3.2 Implication and Recommendation

Major findings indicate that parental socialization, peer influence, self-dominance, and money habits as the most influential factor in the financial planning and decision-making of Gen Y. Therefore, it is very crucial for family and education institutions to enforce financial literacy, particularly at home and school level. Although parents are the main sources of income, the majority of Gen Y are self-dominance in decision-making towards their financial planning, investment, and savings habits.

Generation Y is different from other generation groups therefore one of the recommendations is that banks and financial institutions must understand their needs if they want them as their customers. Banks will need to use an approach distinctly different from anything that they have been familiar. The rational imperative is that as the financial power of Generation Y expands its members will change how financial transactions are conducted together with patterns of spending and saving in Malaysia.

3.3 Suggestion for Future Research

Further studies can be done to correlate the level of financial literacy with self –the dominance factor towards spending and savings habits among Gen Y within the same background. Besides that, it is recommended that future research shall utilize a broader demographic profile of the generation Y respondents as this study was only studying generation Y in one country it is good to have an analysis of Gen Y spending and savings behaviors comparison from one country to another. Furthermore, a qualitative study needs to be conducted for future research to replicate the findings as the judgments about the levels of financial literacy of individuals conducted in this research and it is hoped that the study can enlarge the awareness in the related fields and can be a benchmark for financial literacy research in Malaysia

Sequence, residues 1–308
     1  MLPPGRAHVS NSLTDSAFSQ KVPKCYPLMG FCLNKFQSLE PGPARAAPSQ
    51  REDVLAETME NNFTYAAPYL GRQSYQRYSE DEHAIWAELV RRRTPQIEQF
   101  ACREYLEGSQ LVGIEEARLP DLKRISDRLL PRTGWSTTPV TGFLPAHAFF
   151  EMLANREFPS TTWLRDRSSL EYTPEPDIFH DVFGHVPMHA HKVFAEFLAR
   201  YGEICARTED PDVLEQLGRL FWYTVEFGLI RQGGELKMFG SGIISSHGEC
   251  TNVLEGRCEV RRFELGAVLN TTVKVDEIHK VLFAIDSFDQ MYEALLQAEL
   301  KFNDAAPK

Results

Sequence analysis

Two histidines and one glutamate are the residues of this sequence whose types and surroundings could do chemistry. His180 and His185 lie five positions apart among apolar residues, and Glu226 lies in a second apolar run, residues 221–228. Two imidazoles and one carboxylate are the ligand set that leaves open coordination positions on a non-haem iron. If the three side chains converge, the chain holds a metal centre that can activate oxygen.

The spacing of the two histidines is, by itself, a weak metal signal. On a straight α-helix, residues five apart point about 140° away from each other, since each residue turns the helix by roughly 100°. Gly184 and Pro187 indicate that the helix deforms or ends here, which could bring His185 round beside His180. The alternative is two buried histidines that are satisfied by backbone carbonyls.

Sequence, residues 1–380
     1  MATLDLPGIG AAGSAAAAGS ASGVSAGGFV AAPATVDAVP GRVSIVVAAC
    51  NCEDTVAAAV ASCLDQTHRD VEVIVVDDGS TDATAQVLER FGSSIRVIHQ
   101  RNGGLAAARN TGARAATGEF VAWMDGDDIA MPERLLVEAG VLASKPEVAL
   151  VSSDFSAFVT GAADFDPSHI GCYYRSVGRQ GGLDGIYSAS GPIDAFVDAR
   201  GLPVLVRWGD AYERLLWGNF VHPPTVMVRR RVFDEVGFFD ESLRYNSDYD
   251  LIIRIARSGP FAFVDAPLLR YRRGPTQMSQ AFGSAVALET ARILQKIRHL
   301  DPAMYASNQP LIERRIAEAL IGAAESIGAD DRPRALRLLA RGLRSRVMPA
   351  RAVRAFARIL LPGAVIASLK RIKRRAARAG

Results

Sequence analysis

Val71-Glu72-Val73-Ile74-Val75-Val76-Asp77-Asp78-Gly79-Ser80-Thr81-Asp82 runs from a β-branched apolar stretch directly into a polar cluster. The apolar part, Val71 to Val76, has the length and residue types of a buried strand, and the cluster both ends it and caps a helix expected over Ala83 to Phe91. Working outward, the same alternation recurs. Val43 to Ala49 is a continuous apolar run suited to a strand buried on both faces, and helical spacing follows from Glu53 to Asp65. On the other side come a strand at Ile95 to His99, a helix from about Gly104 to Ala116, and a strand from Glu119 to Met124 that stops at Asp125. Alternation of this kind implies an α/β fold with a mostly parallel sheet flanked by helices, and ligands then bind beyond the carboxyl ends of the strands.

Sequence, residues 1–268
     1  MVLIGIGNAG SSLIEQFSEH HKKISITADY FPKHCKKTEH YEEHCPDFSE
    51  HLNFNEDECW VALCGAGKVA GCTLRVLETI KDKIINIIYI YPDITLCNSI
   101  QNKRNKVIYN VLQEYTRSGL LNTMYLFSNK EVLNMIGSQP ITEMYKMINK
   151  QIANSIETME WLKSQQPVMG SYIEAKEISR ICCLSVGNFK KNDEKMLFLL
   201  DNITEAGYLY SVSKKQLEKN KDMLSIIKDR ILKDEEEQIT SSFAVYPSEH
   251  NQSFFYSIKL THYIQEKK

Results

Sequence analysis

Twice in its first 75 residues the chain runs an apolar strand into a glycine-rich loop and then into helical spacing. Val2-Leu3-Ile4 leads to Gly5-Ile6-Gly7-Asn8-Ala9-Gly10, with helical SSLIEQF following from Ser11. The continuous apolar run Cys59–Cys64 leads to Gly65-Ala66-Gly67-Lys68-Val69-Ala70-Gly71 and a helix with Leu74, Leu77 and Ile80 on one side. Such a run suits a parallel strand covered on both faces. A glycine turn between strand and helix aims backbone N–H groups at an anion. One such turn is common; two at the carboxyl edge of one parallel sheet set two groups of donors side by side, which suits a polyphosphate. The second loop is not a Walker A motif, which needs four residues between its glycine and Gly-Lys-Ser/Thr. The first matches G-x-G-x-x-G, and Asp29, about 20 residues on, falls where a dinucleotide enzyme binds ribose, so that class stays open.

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Analytical Essay on Generation Y: Behavioral Factors That Lead to Spending and Savings. (2022, September 27). Edubirdie. Retrieved February 2, 2023, from https://edubirdie.com/examples/analytical-essay-on-generation-y-behavioral-factors-that-lead-to-spending-and-savings/
“Analytical Essay on Generation Y: Behavioral Factors That Lead to Spending and Savings.” Edubirdie, 27 Sept. 2022, edubirdie.com/examples/analytical-essay-on-generation-y-behavioral-factors-that-lead-to-spending-and-savings/
Analytical Essay on Generation Y: Behavioral Factors That Lead to Spending and Savings. [online]. Available at: <https://edubirdie.com/examples/analytical-essay-on-generation-y-behavioral-factors-that-lead-to-spending-and-savings/> [Accessed 2 Feb. 2023].
Analytical Essay on Generation Y: Behavioral Factors That Lead to Spending and Savings [Internet]. Edubirdie. 2022 Sept 27 [cited 2023 Feb 2]. Available from: https://edubirdie.com/examples/analytical-essay-on-generation-y-behavioral-factors-that-lead-to-spending-and-savings/